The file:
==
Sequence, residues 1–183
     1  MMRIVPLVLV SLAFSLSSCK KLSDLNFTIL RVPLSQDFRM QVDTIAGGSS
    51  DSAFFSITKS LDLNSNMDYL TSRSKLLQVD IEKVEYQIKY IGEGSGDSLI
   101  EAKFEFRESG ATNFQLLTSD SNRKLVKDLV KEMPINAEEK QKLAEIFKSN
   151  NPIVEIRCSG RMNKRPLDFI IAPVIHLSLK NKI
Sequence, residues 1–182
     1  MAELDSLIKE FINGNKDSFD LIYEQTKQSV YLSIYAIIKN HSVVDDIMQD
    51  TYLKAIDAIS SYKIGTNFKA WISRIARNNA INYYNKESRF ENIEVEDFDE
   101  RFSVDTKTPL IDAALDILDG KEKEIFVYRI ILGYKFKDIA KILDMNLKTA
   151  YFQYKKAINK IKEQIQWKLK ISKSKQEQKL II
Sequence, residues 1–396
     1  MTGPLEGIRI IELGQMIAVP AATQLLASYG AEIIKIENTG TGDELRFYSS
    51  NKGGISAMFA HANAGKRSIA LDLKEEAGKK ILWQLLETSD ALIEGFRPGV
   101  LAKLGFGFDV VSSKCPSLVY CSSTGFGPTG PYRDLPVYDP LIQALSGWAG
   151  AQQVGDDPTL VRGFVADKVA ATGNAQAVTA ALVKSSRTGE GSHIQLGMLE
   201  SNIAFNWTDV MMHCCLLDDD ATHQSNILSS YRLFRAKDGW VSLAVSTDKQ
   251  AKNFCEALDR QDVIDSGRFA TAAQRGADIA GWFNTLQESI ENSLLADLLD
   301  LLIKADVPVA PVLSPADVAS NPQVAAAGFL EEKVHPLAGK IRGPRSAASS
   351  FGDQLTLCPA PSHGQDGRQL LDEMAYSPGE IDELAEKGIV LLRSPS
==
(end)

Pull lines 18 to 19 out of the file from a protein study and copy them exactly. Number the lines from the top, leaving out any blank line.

   301  LLIKADVPVA PVLSPADVAS NPQVAAAGFL EEKVHPLAGK IRGPRSAASS
   351  FGDQLTLCPA PSHGQDGRQL LDEMAYSPGE IDELAEKGIV LLRSPS